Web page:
In this Christmas season, and amidst the doom and gloom in the Middle East, I like to share these two stories from Egypt.
First, Mohamed Ayman Shaweeka, a young Egyptian soldier, saved the life of 16 of his comrades in the town of Al-Masaeed in the North Sinai city of El-Arish when he embraced a suicide bomber with his body moments before the explosion occurred. Mohamed died just 15 days before his 21st birthday, but his bravery made him a hero in the eyes of millions in Egypt.
Mohamed, the most common Muslim name, is now associated with terrorism, radicalism, and barbarity. Yet Mohamed is actually the antidote of that image. He died not to kill, but to save lives.
His story, although widely covered in Egypt, was ignored in Western media—probably because it is considered taboo to praise any Egyptian soldier since the 2013 coup, although this is counter-productive to say the least.
At a time when Islamophobia is on the rise, it is crucial to highlight how young Muslims are fighting terrorism. If Mohamed was just doing his job in “Sisi’s army” (as some Islamists would like to portray the Egyptian army), he would have simply tried to save his own life. But he did not. He definitely knew that embracing the terrorist would cost him his life, but he still did it, because—like many Egyptians—he joined the army to defend his country, regardless of the senior brass’s political stance.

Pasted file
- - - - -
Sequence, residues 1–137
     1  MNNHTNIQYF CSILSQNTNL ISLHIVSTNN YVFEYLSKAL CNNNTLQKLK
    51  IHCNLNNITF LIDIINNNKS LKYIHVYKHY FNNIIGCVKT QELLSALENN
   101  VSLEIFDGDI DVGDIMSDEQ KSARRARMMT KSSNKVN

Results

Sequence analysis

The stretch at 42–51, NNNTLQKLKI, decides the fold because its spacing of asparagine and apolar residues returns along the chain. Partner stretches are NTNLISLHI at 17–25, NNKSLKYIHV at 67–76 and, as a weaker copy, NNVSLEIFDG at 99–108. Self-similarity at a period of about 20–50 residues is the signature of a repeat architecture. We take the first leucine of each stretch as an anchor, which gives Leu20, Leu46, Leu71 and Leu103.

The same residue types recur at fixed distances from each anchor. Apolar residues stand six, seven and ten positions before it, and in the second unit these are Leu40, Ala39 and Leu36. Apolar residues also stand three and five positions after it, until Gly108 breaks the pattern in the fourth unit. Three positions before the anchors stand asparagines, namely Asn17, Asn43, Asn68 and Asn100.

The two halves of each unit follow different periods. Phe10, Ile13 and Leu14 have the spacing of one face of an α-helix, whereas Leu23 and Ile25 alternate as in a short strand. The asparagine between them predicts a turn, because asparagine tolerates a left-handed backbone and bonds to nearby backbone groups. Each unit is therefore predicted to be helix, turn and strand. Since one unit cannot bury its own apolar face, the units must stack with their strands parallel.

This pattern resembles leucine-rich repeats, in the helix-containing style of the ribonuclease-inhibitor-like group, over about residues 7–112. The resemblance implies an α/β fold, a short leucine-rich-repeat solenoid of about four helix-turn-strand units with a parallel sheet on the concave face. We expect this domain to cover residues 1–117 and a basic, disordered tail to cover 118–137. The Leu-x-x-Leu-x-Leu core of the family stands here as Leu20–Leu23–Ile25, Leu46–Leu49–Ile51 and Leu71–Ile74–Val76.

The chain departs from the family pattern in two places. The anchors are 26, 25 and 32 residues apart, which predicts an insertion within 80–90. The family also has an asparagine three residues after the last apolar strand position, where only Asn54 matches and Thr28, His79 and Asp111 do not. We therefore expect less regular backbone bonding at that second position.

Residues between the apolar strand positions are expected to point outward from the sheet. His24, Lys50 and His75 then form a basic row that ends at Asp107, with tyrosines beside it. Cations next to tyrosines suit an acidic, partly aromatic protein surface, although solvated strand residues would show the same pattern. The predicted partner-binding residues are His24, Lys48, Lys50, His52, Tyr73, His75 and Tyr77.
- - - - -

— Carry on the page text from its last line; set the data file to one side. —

As the fifth anniversary of the January 25th revolution approaches, it is important to distinguish between the politics of the army and the loyalty of the army cadres to Egypt. The Egyptian army is the biggest melting of Egyptian youth from around the country. Like Mohamed, those youth are not mercenaries serving a dictator, but loyal citizens serving their country.
R.I.P. Mohamed Ayman Shaweeka
The second story is more cheerful.
Youssef El-Sayed Radi is a 26-year-old, very stylish Freska seller in Cairo. Freska is an Egyptian delicacy made of very thin layers of crispy wafer stuck together with a smear of honey, often together with coconuts and/or nuts. It’s a commonly available famous beach snack at Egyptian beach resorts. Recently, many Freska sellers have started to appear in Cairo as well, for various economic reasons.
Youssef, however, does not fit the common stereotype of a Freska seller. He is not just well educated, but also well dressed and someone who loves good quality music. More importantly, he is not a snob. He relentlessly tours the hot dusty streets of Cairo, still elegantly dressed, selling his tasty Freska. Youssef is one of many unemployed young Egyptians, but unlike his peers who spend their days sitting in cafes smoking hubble-bubble and complaining about the lack of jobs, he sees no problem in selling Freska. In fact, he is proud of what he’s doing.
Manual jobs in most Arab countries are considered low ranking jobs allocated only to the poor and uneducated. Therefore, it is refreshing to see a bright, elegant young man not only embracing such a job, but also doing it with such elegance. He has been attacked and mocked by many, but he’s been embraced and respected by many more.
While many Egyptians try many legal—and illegal—ways to leave the country and live abroad, Youssef has decided to stay and fight. He opted to make his life more enjoyable despite the hardship. And for that, he deserves a lot of respect.
Western media paints Arabs and Muslims as terrorists or illegal immigrants, but let’s remember that many Arab youth are trying to fight back and work in their native countries. There is still hope for the future, as long as there are youth like Mohamed and Youssef.